3 tips for selling used stuff online


It’s a lot easier to donate a box of old stuff you’ve cleaned out to charity rather than try to sell it. Plus, it’s a generous and helpful thing to do for your community.

But in some cases, you may have something that might be valuable or your own family could benefit from having the extra money from selling it.

So to make the hassle of selling your stuff worthwhile, you need to find the right place to sell that will give you the most money. This sounds obvious and fairly simple, but can be very time consuming if you don’t know where and how to look.

Here are a few shortcuts and tips to help you find the best and most reliable buyer more quickly and get the highest return for parting with your old stuff.

Cover all your bases

Make sure you’ve looked everywhere before settling on a price. The directory on this site is a quick and easy way to make sure you find all the places available for a particular category of items you’re selling. A google search with the words “sell used camping equipment” or whatever you’re selling can also help.

Comparison websites are a great way to help you speed through this step. They allow you to enter your item and view a list of quotes from several buying sites to help you quickly determine the highest price you can sell.  Here are some reliable sites:

Sometimes the price online won’t be as good as trying to sell locally because shipping costs are a factor. I sold a dozen DVDs at our local movie store for a total of about $5 more than any online offers for the bundle. It would have been $8 more if we accepted store credit instead of cash.

Sell in bulk

It’s most efficient to sell smaller items like books, DVDs, collectibles, and clothes in bulk. Wait until you have a good amount of these items before searching for a place to sell to make it worth your while, unless you have something rare or valuable.

A lot of sites allow you to enter multiple barcodes, ISBNs, or UPNs at once. Look for a button near to where you enter the number that says something like “sell in bulk” and click on it to enter multiple numbers.

Here’s a tip for moving through this step quickly: Open a word processing program or notepad on your desktop. Type the numbers from your items, placing a return between each. You can copy and paste the numbers on multiple sites without having to retype them each time.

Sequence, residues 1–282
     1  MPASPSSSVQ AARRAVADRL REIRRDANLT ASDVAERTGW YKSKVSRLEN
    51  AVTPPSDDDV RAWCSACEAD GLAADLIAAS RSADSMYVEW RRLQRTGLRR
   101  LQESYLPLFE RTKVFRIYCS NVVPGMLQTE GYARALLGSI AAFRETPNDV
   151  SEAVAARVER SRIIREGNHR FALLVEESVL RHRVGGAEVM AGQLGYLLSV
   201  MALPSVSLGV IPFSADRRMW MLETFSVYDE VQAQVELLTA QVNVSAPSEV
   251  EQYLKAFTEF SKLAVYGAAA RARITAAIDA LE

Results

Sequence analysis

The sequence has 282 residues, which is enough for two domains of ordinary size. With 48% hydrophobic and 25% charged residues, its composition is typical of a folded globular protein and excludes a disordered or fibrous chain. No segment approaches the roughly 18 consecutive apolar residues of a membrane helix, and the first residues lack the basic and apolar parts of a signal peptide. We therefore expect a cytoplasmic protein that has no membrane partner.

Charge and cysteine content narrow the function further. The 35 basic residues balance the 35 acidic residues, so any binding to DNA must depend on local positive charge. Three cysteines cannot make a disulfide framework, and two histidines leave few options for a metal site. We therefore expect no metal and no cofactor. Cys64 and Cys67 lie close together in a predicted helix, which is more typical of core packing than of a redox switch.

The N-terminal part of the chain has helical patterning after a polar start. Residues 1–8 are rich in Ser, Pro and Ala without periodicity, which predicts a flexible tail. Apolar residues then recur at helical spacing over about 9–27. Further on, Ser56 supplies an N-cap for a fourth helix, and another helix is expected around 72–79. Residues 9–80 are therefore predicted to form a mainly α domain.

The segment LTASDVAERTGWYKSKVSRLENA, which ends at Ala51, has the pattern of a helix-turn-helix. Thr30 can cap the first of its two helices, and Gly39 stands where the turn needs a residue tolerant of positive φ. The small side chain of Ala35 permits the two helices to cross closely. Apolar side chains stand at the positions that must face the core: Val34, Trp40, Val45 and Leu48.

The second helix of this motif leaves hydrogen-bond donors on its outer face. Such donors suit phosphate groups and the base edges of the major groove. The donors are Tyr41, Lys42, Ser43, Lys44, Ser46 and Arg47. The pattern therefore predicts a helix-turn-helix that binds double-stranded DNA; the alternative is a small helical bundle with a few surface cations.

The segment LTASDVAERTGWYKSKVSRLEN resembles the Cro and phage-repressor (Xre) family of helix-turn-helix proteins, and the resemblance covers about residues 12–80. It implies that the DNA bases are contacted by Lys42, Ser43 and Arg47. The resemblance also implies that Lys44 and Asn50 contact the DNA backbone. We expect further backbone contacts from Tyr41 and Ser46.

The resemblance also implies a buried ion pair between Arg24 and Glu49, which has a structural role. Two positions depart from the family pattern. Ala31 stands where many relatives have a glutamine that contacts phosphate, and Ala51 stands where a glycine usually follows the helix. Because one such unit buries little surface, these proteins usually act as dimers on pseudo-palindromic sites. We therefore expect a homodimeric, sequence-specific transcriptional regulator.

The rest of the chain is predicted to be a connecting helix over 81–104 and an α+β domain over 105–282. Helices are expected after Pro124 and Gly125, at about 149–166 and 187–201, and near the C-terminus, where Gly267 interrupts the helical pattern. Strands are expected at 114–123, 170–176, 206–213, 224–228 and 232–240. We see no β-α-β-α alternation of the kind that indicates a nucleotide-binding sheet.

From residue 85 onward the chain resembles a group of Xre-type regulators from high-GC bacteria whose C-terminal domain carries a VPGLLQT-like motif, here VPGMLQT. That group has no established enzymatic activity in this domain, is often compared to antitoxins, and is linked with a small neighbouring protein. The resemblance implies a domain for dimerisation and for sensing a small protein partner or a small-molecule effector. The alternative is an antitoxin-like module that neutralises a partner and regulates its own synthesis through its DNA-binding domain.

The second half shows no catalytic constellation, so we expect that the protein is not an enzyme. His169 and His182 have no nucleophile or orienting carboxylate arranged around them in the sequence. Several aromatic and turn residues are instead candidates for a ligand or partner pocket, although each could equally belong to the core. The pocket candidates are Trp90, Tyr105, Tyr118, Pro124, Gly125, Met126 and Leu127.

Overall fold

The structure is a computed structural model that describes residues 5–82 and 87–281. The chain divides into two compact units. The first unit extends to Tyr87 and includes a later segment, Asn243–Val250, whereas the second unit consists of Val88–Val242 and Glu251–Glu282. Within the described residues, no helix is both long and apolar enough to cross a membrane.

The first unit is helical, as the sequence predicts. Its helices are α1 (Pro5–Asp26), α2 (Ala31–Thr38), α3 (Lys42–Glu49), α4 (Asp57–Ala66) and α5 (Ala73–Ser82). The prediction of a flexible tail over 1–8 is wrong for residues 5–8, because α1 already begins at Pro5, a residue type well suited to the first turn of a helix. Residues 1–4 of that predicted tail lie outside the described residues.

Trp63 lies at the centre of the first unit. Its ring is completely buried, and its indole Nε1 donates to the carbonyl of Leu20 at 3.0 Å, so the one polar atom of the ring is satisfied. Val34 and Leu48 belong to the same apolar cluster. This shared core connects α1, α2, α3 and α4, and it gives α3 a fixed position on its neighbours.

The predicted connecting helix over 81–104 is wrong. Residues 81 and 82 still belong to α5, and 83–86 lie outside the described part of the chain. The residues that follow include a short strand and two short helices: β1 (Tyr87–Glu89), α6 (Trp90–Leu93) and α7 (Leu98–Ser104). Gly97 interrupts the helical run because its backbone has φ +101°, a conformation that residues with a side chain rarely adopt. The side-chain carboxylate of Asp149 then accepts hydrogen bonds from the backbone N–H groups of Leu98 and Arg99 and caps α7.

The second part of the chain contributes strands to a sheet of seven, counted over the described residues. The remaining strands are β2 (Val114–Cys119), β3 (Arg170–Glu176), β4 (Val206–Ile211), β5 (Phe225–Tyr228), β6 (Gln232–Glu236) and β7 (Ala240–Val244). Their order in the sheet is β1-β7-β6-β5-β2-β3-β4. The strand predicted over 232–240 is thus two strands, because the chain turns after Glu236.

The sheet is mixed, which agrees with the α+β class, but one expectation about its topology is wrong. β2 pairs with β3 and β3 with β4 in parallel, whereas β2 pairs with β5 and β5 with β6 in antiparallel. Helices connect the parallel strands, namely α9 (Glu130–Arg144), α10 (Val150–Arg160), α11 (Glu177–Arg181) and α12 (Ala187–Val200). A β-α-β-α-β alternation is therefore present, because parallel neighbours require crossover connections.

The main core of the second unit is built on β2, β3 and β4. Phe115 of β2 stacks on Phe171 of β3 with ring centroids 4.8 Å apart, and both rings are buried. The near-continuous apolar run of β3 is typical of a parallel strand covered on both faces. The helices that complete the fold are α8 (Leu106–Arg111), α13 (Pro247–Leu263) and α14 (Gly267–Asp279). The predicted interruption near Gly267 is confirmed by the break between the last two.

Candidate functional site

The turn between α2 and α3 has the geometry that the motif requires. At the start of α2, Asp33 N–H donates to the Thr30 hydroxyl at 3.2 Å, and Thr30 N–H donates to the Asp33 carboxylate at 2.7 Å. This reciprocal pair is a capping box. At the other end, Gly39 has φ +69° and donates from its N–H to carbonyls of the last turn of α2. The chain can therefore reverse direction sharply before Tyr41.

Some book or DVD-buying sites require a minimum quote of $5 or $10 before you can sell so it makes sense to wait until you have a bunch because they usually aren’t worth much individually.


I’ve come across some innovative companies while compiling the directory for Minimal Me. Some are fairly new and others have been around for a decade or more. Most of the sites look legitimate, but there have been a few that look questionable.

With a bit of research, my suspicions are usually confirmed. I don’t include these sites on the directory and wouldn’t recommend sending your stuff to sites that look untrustworthy.

If you find a site that looks suspicious, a quick Google search of the site name with the words “legitimate” or “scam” will give you more information as to whether it’s a trustworthy company. It can reveal bad reviews from customers, Better Business Bureau ratings, or incidents where people haven’t received payment after sending items.

In my experience, legitimate-looking sites have some of the following things in common:

  • professionally designed website
  • social media pages with a good following
  • email address and phone number or contact form
  • pre-paid postage for submitting your items

These aren’t absolute indicators of authenticity and lack of these things won’t discredit a site. They’re just some good guidelines. The URL Void Blog has a post with tips for checking suspicious sites that apply to buying sites as well: How to Identify Fake Shopping Websites.

Selling stuff online has evolved a great deal since the early days when eBay and Amazon cornered the market. There are a growing number of sites that will pay you instantly for a wide range of used stuff. Plus, they make the process extremely easy!

No longer do you have to wait on a buyer to bid on your listing or deal with collecting payment and estimating shipping costs. Some sites take care of everything for you and will buy your item so they can resell it on their site.

Of course, you always have the option to list your items classified-style, which might earn you more money in the long run. In addition to the original giants, there are now many niche selling sites that help you reach a highly targeted market when listing classified-style.

If you’re ready to declutter your belongings and would like to earn some extra cash, I hope these tips help you get the best outcome. Do you have any strategies for successful selling? If so, please feel free to share them in the comments below.

This post was shared at the following link parties:

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Talk of the Town

Disney-inspired declutter


I love getting rid of stuff, but not everyone in my house shares this sentiment.